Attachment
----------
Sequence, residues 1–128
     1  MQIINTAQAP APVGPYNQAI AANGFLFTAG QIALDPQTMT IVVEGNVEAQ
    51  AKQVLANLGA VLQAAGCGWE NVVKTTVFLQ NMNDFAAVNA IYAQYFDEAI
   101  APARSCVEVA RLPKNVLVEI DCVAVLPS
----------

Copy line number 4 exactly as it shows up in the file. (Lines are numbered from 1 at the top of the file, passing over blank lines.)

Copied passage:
   101  APARSCVEVA RLPKNVLVEI DCVAVLPS